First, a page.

Recently we came across a service that could be engaged, at some cost, to assist in providing health advice to Palms generally, as well as to volunteers prior to departure. My remark that we already have such a service prompted someone else to suggest that paying for the service would mean not having to rely on social capital. The person was unfamiliar with Palms’ operations and the time did not seem right to discuss the question of why we would not use the social capital put at our disposal.
Returned Palms’ health professionals, who intimately understand the circumstances of volunteer placements overseas, always seem willing to assist departing volunteers to know how to manage tropical and other health issues. Many others also willingly give so much in-kind assistance to Palms. But the suggestion has me puzzled. Is their assistance seen as inadequate? Perhaps the suggestion indicates a lack of certainty in our reserves of social capital? It does not have the clarity of money in the bank.
Perhaps the suggestion was made out of a concern for Palms’ self-esteem or pride. Asking for help might look too needy. Asking for voluntary help can be awkward and it is certainly hard to ask for monetary donations. Despite great feedback about staff achievements, and a clear understanding that a core body of paid staff are required to take responsibility for operational management, reminding supporters of the costs to be covered could look like we are just looking after ourselves.
A contribution to the social capital of an organisation generally occurs when the service or experience it provides is meaningful or inspiring. The service may, or not, already be paid for with money. Even if it has been, the contributor to social capital desires to make a further contribution to the continuing operation of the organisation. In all likelihood this is because they see that it contributes to a greater social good.
Palms earns no surplus from the sale of goods or services, so a deep well of social capital, realised in donations of expertise, time or money, is needed. Even if we receive government funding such donations will still be needed to meet the call of the many communities seeking lasting relief from poverty via Palms’ volunteers. Many prefer Palms’ model. One needs all contributors to Palms’ social capital to continue to be inspired in a similar way by the vision that underpins our mission.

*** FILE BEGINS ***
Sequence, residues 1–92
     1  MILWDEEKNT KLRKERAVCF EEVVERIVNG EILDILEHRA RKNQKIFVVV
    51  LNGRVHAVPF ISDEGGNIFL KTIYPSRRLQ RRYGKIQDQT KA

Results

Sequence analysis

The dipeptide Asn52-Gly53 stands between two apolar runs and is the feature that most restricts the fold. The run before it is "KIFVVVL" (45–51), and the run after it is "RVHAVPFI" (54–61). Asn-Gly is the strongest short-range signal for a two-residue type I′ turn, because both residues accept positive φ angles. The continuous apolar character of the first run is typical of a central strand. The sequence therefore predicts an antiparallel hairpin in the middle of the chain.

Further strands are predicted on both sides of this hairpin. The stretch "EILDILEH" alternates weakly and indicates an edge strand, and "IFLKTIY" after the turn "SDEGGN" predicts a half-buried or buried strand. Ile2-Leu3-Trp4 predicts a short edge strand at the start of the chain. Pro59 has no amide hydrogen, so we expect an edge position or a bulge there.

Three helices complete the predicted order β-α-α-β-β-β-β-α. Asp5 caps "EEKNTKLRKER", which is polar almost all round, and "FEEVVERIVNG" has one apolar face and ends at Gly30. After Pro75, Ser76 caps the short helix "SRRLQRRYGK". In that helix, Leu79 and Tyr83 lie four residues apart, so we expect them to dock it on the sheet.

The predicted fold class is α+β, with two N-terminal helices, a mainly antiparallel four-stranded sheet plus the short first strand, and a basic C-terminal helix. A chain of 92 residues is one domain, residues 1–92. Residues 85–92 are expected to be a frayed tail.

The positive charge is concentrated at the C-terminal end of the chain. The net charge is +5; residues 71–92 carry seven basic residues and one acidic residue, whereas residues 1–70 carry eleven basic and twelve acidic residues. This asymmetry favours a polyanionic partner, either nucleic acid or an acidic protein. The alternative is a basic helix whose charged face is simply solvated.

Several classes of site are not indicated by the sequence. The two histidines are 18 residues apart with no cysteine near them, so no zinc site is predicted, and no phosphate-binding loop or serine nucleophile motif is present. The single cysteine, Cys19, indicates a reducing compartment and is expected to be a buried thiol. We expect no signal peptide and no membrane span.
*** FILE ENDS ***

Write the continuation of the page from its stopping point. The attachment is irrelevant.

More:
Many make in-kind contributions and beginning in this edition of Palms Post we will profile such individuals. Unfortunately financial donations are well down forcing us now to spend reserves to cover all that is not provided by voluntary contributions of expertise and time. Clearly dependence on financial reserves is limited. Perhaps the profiles of those contributing time and expertise will inspire potential financial donors to realise how a relatively few dollars supports an enormous output by so many.
As I’ve indicated, asking for money is difficult, but there are essential payments to cover. As we approach the 50th year of the Palms volunteer program I believe the time has come to act on Fr. Cyril Hally’s suggestion of 10 years ago, to establish a Palms Foundation. A Foundation will enable Palms to be more certain of the funds generated by our social capital and therefore proceed with greater certainty to prepare and send volunteers for the two-year assignments preferred by the host communities.
It is clear that in the next 50 years the world will still need to have the example of Palms’ vision to achieve a more just, sustainable, interdependent and peaceful planet. To take it there I ask those who can stretch to it, to match our best individual donor who has been giving $50,000 per annum for the last five years.
A one off $50,000 from 10 donors will assist Palms to cover the fixed costs of recruitment and administration for up to 10 years. It represents $1,000 for each year of Palms’ existence. If that stretches you too far, perhaps it can be left as a bequest, or you can be one of 100 donors to give $5,000, or just $100 for each year of Palms’ work.
If you don’t have such an amount personally, please help spread the word of Palms’ great work and set a target amount to raise in your community. Yes it is hard to ask, but the alternative is to deny the worth of Palms’ vision, mission and values in our world. The Palms office can assist to facilitate and resource community awareness efforts. Please do ask.